In the summer of 1860 Fenton made his most deliberate and exacting photographs to date: a series of still lifes. Although the subject obviously had its roots in painting, his densely packed compositions are far removed from the renditions of everyday life by the Dutch masters. Instead, Fenton extravagantly piled luscious fruits and intricately patterned flowers on top of one another and pushed them to the front of his composition so that they seem almost ready to tumble out of the photograph into the viewer's space. It is that very immediacy—the precarious composition, the lush sensuousness of the objects, and our knowledge of their imminent decay—that makes these photographs so striking.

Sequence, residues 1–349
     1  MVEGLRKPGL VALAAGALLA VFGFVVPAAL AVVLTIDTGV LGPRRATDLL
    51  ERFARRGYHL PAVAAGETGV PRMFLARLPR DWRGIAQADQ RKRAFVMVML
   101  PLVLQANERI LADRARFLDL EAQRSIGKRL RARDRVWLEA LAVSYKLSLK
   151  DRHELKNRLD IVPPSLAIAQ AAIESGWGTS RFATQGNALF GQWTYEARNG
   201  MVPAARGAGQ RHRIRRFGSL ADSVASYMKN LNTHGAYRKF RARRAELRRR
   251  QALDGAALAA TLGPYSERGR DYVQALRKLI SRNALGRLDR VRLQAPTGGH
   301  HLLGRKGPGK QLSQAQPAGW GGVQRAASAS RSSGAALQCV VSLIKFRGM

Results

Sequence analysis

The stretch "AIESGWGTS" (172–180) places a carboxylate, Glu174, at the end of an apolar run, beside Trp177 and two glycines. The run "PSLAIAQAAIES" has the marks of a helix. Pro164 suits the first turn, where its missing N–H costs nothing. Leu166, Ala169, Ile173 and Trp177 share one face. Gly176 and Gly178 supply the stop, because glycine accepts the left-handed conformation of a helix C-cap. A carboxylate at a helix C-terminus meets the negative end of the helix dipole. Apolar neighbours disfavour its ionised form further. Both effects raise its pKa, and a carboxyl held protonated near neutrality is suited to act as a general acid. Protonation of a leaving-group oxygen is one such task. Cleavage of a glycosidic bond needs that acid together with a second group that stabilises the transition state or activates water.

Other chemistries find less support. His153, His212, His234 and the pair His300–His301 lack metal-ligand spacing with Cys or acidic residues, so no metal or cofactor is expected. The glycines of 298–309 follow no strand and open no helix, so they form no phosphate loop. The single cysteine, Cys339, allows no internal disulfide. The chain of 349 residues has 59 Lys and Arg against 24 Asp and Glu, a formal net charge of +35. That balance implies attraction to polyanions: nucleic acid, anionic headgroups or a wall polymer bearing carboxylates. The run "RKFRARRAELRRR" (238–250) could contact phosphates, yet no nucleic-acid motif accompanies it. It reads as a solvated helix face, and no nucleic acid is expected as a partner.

Engraved lower center: Photographed by R. Fenton; by later hands, bottom center in graphite: F115; bottom right in grpahite: 38; by Hans P. Kraus, Jr., Inc., lower left in graphite: 300602.68
The photographer; by descent from his brother; (Hans P. Kraus, Jr., New York, New York); NGA purchase, 2005.
- In the Darkroom: Photographic Processes Before the Digital Age, National Gallery of Art, Washington, 2009 - 2010, unnumbered catalogue.
- In Light of the Past: Celebrating Twenty-Five Years of Collecting Photographs at the National Gallery of Art, Washington, DC, May 3 – July 26, 2015